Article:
A Little History

...from a 2015 introduction to a planned book, a collection of sausage making information, which unfortunately was never finished.


Back in 2011, Barry Bryner was asked to become a moderator of WedlinyeDomowe.com/en , the English-language version of a website begun by a group of Polish enthusiasts interested in preserving the knowledge and traditions of sausage making and meat preservation in “the old country.” (For brevity’s sake, let’s abbreviate it as “WD.”) The Polishversion of WD was started by a number of sausage enthusiasts in Poland, and the effort was furthered in the United States by Stanley Marianski and a few family and associates. At the time, Stanley was writing what turned out to be a seminal book on home production of sausages and meat products, and was influential in providing material for the WD site. As of late, he maintains (with son Adam and several others) a knowledgebase website now called SausageMaking.com.

Barry Bryner, late of Draper, Utah, agreed to help moderate the Wedlinydomowe.pl/en site and broaden its appeal to an English-speaking audience. Bryner’s many experiences growing up on a ranch in southeastern Utah, his degrees in Food Science and Microbiology and a Masters Degree in Music, but especially his “living the life” experiences in the history of the SouthWest, brought a cowboy-flavored, practical meat-production-oriented approach to the website. Bryner had previously authored a collection of “wild West” tales and a series of recipe columns titled “The Chuckwagon Gourmet.” He chose the handle “Chuckwagon” for his posts on the WD forum.

Under Barry's work, the number of WD users expanded considerably from the website's start in early 2011, to late 2014. Unfortunately, one of the Polish underwriters of the site decided that they needed someone from the Polish community to have a larger presence as a moderator. Whether or not “Chuckwagon” was being shoved aside, it appeared that way to him, and in late 2014 he decided to leave.

He had a large following of amateur (and a few professional) sausage makers. Many felt rudderless, and the hit rate on WD dropped precipitously. Amid a bit of finger-pointing, and a few calls for Chuckwagon to go out on his own, a new site was born: SausagesWest.com. Russ “el Ducko” Lambert, a retired chemical engineer, amateur sausage maker and computer enthusiast, threw together a website with the help of Google’s software, and Chuckwagon was back in business.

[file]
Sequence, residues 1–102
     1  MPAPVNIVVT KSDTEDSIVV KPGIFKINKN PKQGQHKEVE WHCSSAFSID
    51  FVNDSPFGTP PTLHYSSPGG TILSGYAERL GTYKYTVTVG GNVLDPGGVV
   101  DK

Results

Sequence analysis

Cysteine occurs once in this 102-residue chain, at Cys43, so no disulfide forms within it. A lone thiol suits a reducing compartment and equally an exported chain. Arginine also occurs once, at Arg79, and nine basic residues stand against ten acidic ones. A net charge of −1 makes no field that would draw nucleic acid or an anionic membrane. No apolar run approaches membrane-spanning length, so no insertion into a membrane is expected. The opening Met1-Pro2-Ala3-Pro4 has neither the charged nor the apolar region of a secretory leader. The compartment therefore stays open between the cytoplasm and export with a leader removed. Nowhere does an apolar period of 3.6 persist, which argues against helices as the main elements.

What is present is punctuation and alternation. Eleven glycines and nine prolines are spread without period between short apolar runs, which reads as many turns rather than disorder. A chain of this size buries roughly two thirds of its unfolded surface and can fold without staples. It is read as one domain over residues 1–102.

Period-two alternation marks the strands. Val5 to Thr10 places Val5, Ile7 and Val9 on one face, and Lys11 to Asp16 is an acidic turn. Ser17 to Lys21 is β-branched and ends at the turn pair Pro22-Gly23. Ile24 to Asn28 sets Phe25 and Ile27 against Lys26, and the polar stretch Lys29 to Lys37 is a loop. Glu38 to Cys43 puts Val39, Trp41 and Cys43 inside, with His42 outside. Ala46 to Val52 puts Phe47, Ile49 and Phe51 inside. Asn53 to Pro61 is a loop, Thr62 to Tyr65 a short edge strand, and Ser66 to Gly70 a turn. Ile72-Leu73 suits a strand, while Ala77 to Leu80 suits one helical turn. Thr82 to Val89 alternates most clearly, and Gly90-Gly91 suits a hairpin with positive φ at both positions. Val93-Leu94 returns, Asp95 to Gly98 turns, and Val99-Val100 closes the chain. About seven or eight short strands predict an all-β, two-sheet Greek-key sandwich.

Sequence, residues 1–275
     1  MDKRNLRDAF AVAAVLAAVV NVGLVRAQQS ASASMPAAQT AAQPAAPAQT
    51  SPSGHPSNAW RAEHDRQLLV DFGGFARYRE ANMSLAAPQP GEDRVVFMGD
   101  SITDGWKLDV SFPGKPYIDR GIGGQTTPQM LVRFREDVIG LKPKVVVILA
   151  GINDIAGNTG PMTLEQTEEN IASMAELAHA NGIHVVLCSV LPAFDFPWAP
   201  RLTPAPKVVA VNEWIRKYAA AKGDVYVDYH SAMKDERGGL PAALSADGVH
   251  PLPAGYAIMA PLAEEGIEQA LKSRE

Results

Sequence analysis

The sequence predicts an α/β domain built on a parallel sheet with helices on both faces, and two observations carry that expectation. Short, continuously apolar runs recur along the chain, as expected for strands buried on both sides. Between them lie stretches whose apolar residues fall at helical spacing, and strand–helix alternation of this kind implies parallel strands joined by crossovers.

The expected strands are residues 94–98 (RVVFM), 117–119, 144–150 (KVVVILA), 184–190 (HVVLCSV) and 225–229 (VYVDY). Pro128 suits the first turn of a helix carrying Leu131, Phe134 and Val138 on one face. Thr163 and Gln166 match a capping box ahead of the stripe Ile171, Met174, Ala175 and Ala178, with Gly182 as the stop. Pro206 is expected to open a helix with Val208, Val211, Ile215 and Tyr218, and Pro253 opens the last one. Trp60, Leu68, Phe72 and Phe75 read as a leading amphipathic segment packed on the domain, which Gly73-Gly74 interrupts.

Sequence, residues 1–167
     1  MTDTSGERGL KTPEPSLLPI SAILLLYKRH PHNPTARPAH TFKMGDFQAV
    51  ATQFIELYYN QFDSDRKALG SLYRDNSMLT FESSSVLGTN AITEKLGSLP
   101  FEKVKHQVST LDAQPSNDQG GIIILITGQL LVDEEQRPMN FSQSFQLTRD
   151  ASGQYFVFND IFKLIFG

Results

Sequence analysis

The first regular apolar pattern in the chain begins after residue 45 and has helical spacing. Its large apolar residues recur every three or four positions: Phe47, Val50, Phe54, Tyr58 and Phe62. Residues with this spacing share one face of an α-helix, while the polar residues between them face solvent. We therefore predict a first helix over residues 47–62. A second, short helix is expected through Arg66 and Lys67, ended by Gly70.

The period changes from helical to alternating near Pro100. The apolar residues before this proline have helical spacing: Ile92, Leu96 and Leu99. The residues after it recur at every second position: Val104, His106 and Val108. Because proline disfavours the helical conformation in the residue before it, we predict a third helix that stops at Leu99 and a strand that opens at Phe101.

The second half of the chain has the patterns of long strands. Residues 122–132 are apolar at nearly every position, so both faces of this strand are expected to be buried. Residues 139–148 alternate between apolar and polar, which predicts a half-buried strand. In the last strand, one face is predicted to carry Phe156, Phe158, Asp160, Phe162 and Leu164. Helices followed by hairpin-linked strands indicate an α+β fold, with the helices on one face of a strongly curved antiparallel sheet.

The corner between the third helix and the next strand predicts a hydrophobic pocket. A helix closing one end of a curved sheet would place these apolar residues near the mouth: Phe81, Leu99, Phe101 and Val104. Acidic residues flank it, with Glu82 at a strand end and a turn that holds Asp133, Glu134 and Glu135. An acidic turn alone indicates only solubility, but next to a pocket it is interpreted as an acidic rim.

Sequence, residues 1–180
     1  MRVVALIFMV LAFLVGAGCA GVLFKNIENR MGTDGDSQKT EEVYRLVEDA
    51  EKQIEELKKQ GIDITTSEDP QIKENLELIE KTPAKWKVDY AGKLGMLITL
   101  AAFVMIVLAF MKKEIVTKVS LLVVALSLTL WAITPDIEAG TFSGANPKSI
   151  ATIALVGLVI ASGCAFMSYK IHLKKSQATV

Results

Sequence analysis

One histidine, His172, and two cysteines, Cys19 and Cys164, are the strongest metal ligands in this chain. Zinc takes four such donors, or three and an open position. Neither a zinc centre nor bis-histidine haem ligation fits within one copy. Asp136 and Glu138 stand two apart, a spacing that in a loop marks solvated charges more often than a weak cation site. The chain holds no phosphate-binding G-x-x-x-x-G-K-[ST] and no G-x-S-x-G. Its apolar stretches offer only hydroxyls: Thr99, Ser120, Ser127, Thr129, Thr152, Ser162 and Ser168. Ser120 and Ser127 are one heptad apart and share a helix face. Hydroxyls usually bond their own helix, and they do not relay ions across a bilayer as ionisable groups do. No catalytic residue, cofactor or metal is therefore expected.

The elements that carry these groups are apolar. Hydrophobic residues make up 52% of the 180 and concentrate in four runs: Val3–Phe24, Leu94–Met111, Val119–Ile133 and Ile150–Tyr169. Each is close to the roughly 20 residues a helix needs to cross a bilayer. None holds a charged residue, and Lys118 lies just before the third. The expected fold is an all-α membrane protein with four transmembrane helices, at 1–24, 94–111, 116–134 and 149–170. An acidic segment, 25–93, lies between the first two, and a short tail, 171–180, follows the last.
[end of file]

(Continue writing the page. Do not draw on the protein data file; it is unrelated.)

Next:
Like all amateur efforts based on a whim, the start was rocky. Lambert was learning as he went, and the website started up with very little on-line material. One major mistake, checking the wrong checkbox when the list of users was installed, resulted in a blast email announcing the site. Those who looked at the site saw little of value, and forgot about it. Later attempts to overcome that first impression and lure them back were ineffectual.

But the user base did grow. A new “Project “B” (for “Beginner”) got started in spring 2015, and continued in fits and starts. The number of new users continued to grow, and the number of hits continued to rise, until about 2018.

The challenge was that neither Bryner nor Lambert was young enough to keep the thing going for very long. Bryner died in early 2019, and as the number of visits to the website declined, Lambert finally "pulled the plug" on it inearly 2020.

So, why is it back? Well, it's not. This material is posted here because it's too good to lose. There most likely will not be an interactive website, partly because at this point Google's website builder doesn't support such things very well, and because frankly I've moved on to other things. But much of the "meaty," if you will, material is here for some to hopefully enjoy. Barry's work and life were not in vain.

Sausage Making is a fascinating hobby and, for some, a siren song to get into the business of sausage production. I hope you'll find it enjoyable and enjoy it safely.

Russ Lambert


In Chuckwagon’s words- - “Yee Haww!”

E. R. Lambert

Fischer, Texas